It was a very cut-throat business, with people trying to sabotage machines using washers, foreign coins and even iron filings in the coin mechanisms. If the machines were not bringing in the money and the customers, then the coffee bars and pubs would want them out and replaced with a competitors machine.
I looked after about twenty installations around the east end of London and Essex. They ranged from the smoky cafés in Bethnal Green to the Thatched House pub in Epping. I made regular visits to empty the coin boxes and change the record selections as appropriate. My pockets were always full of the centres of EPs!!!!!!!!
Each machine had a “times played" recorder and if a record was not playing much, it had to be changed. Staff were allowed to purchase the used 45s for a few pence, so it was tempting to add a record I liked to a collection on a machine that was not going to play it very much, and then change it a couple of weeks later!
One other event that occurred whilst I was working at Balfour, was the accident I had in the company VW van, which caused some concern at the time as I rolled down a railway embankment and landed up on the lines in front of the Southend to Liverpool Street express. It's a wonder I got to 20 years old, let alone 67!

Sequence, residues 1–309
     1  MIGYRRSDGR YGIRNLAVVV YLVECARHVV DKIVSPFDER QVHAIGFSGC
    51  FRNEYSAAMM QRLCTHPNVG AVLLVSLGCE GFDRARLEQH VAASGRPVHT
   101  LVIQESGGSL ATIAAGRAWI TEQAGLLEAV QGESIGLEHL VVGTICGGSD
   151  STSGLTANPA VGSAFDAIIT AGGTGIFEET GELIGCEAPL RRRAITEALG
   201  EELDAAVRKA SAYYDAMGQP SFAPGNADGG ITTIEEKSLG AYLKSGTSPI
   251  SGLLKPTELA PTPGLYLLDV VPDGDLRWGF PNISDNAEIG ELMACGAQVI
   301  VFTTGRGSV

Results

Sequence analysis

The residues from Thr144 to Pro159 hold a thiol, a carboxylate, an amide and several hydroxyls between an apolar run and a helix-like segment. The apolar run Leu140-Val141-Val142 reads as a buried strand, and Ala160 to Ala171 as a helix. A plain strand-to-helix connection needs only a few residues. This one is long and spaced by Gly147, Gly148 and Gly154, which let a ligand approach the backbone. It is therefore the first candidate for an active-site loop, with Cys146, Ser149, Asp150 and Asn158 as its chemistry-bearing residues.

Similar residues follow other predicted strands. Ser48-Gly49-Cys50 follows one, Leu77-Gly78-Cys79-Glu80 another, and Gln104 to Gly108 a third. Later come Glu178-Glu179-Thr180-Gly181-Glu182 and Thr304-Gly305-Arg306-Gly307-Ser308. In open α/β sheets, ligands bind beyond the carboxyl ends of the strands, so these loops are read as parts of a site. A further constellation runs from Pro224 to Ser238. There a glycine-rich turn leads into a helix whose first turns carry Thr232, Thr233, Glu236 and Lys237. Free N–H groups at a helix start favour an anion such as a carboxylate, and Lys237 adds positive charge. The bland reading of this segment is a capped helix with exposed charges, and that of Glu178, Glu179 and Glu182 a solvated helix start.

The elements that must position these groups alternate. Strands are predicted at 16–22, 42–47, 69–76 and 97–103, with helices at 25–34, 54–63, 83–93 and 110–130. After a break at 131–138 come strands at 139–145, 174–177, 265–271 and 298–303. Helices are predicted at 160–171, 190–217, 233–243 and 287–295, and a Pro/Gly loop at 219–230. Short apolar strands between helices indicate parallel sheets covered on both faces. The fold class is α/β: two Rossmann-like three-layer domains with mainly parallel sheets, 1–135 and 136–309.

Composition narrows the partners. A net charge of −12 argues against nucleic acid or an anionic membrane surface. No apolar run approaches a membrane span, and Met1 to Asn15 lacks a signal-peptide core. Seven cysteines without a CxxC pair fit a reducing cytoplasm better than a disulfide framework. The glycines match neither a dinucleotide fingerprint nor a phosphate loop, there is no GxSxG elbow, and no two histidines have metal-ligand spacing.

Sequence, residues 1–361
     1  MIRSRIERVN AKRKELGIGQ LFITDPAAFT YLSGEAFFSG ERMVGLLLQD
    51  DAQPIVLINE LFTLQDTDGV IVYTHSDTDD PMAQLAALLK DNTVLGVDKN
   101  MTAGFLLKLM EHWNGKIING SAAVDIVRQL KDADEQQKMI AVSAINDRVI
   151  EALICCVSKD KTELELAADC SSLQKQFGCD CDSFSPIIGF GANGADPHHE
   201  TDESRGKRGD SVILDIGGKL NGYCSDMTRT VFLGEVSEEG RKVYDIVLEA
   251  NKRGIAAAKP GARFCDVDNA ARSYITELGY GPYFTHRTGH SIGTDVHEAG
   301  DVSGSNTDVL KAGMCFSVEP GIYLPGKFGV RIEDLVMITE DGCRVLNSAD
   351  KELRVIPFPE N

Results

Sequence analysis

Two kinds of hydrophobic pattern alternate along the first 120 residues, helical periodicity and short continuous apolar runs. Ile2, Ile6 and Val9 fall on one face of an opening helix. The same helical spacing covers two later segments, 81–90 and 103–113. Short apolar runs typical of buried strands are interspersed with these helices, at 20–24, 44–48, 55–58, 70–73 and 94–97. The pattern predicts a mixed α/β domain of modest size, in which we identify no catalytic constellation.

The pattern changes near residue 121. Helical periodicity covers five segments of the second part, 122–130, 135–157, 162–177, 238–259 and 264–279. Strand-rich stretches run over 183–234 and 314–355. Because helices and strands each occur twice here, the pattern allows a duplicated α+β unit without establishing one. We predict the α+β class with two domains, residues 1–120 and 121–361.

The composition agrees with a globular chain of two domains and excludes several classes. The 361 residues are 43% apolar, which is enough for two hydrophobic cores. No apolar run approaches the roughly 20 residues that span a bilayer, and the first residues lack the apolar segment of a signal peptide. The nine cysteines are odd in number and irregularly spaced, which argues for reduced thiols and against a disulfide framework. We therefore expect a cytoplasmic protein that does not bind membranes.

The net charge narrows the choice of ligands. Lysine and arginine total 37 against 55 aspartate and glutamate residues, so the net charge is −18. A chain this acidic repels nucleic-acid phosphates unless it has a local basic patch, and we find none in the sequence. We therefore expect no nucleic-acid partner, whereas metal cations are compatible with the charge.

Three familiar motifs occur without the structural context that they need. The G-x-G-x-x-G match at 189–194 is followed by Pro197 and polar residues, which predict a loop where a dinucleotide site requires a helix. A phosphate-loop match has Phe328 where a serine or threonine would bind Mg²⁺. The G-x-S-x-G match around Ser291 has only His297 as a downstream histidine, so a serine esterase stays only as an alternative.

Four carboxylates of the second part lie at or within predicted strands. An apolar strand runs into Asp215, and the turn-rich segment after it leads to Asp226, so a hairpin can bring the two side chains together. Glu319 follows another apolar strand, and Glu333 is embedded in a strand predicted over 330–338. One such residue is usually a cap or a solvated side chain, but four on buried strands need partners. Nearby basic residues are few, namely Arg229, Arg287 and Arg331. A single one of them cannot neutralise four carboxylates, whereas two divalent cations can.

The image below is a certificate I received in 1960 following an in-house training course for the Model "K". You will notice that my certificate is signed by Cecil Jones, a director of the company.
Known to be a friend of the family and with my surname being Jones also, I was treated with some suspicion by the rest of the staff!!"
Norman is pictured here in 2008.
I used to work in the amplifier department in the 1950's and 60's when I was a teenager. I remember Sam Norman and visited his house many times - I lived just a couple of miles away from him. They were wonderful days and I can remember building my own first valve amplifier from various bits scrounged from our department!
After BAL-AMi stopped making jukeboxes, it started designing and manufacturing one-armed bandits. They did not last for very long and I was then involved in designing and building ice cream machines!!
It all became rather depressing after that and I left to pursue my passion for films and photography.
Freddy Bailey writes: